St. Martin’s Church celebrates music with a showcase of its own

by Michael Caruso
Posted 10/13/22

The Episcopal Church of St. Martin-in-the-Fields, Chestnut Hill, celebrated the opening of its 2022-23 season of musical events with an engaging potpourri.

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St. Martin’s Church celebrates music with a showcase of its own


The Episcopal Church of St. Martin-in-the-Fields, Chestnut Hill, celebrated the opening of its 2022-23 season of musical events with an engaging potpourri showcasing the various parish ensembles that provide music for church members and the community, at large.

 Parish music director Tyrone Whiting presided over a well-conceived and beautifully performed program that featured St. Martin’s Adult Choir, its Children’s Choir, and its recently-named artists-in-residence, the Fairmount String Quartet.

The two sets of choristers were admirably heard in music that spanned the centuries from the opening of Antonio Vivaldi’s “Gloria” to traditional folk songs and spirituals. With Whiting accompanying at the piano, the singing was well-molded and emotive.

 Comprised of violinists Rachel Segal and Leah Kyoungwoon Kim, violist Beth Dzwil and cellist Mimi Morris Kim, the Fairmount Quartet played Jessie Montgomery’s “Strum” and two excerpts from “Wood Works” as arranged by the Danish String Quartet. They also efficaciously joined Whiting in a movement from Bach’s Keyboard Concerto in D minor. They return Sunday, Oct. 16 at 2:30 p.m. for a recital.

 AVA’s “Bel Canto Competition”

 The Academy of Vocal Arts opened its 2022-23 season of performances with its annual “Giargiari Bel Canto Competition” Friday, Sept. 30, in the Kimmel Center’s Perelman Theater. The concert drew a full house of opera lovers that heard 12 of the school’s students sing two contrasting arias spanning a broad range of the repertoire.

As has been the case for many years, the program was assembled by AVA’s masterful vocal coach, Danielle Orlando. She not only helped the young singers choose their pieces and coached them in their interpretations, but she accompanied them all Friday evening on the Perelman’s splendid Steinway & Sons concert grand piano.

Three winners were declared this year: first and second places chosen by a panel of three judges and a third chosen by the audience members.

First place winner was soprano Lydia Grindatto, who sang arias from Meyerbeer’s “Robert le diable” and Puccini’s “La boheme.” Second place went to baritone Benjamin Dickerson for his renditions of arias from Giordano’s “Andrea Chenier” and “Die tote Stadt” (The Dead City) by Erich Wolfgang Korngold, best known for his fabulous Hollywood film scores but also a great classical composer.


Tenor Angel Raii Gomez was the audience’s favorite. He proffered exemplary singing in a selection from Rossini’s “L’italiana in Algieri,” but it was his courageous nailing of those nine “high C’s” in Donizetti’s “Ah! Mes Amis” from “La Fille du Regiment” that stole the show and won the prize.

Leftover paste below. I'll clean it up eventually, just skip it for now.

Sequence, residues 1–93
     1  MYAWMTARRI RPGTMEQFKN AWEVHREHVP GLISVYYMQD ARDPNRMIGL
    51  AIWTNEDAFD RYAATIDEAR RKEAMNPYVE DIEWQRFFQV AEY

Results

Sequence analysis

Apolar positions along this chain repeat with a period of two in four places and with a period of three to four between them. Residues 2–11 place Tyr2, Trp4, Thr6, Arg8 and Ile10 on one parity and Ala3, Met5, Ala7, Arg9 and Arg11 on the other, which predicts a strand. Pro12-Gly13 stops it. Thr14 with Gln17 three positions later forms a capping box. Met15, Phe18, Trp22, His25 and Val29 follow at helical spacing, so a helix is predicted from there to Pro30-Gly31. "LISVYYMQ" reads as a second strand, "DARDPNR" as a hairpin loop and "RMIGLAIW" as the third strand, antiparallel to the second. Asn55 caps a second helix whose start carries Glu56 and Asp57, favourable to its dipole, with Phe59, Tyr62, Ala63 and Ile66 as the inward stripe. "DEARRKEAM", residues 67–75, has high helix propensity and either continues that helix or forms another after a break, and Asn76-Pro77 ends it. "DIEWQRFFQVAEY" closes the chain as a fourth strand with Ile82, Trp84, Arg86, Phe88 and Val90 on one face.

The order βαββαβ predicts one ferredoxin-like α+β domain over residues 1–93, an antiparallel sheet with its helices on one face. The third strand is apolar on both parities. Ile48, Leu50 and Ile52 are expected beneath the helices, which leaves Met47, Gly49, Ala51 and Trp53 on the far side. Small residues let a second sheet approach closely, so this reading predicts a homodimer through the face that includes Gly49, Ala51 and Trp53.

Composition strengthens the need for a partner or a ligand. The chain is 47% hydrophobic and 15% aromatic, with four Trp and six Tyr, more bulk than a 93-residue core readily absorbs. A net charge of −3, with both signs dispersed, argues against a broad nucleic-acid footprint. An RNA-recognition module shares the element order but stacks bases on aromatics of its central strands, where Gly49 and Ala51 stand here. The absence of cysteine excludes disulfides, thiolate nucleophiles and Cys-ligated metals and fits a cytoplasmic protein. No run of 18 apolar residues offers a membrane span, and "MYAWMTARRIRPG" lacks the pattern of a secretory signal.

AVA’s season of fully-staged operas opens Nov. 11 through 29 with Verdi’s “La Traviata.” Call 215-735-1685 or visit

 Orchestra opens new season

 Following an opening night gala Sept. 28, whose program reminded me of “The Ed Sullivan Show,” where vaudeville finally died in 1971, the Philadelphia Orchestra opened its 2022-23 season of subscription concerts in the Kimmel Center’s Verizon Hall with concerts Sept. 30 through Oct. 2. Music director Yannick Nezet-Seguin presided over a program that opened with Valerie Coleman’s “Umoja, Anthem for Unity,” continued with Liszt’s Piano Concerto No. 1 in E-flat major with Daniil Trifonov as soloist, and concluded with Dvorak’s Symphony No. 8 in G major.

Coleman’s “Umoja” is a work of surpassing tonal beauty, lyrical phrasing and exquisite textures. What it lacks is a better command over structure in order to come to a convincing conclusion rather than simply coming to an end.

 Trifonov is a brilliant pianist. He played the Liszt with an excess of brilliance – literally excessive to the point of tawdry dazzlement. On the other hand, after intermission Nezet-Seguin proffered a glorious rendition of Dvorak’s Eighth Symphony, reminding me of the Orchestra’s “glory days” under Ormandy and Sawallisch.

The opening movement coursed with dramatic revelation, the second sang with the warmth of a folk song, the third throbbed with intimacy and the closing movement reveled in engaging exuberance.

Historic church concert

 Old St. Joseph’s Roman Catholic Church, 4th and Walnut Streets, Society Hill, will host a recital Sunday, Oct. 23, at 3 p.m. A string quartet comprised of students of the Curtis Institute of Music in Philadelphia will perform Mozart’s String Quartet No. 19 in C major, K. 465, and Mendelssohn’s String Quartet No. 3 in D major, Opus 44, no. 1.

The quartet features violinists Yesong Sophie Lee and Tianyou Ma, violist Michael Shaham and cellist Matthew Christakos. Admission is free.


“Old St. Joe’s” was founded in 1733 by the Jesuit Fathers and is the oldest Catholic parish in Philadelphia. The current church is the parish’s third and was built in 1838 in the Greek Revival style of architecture. The church is renowned for its resonant acoustics. For more information call 215-923-1733 or

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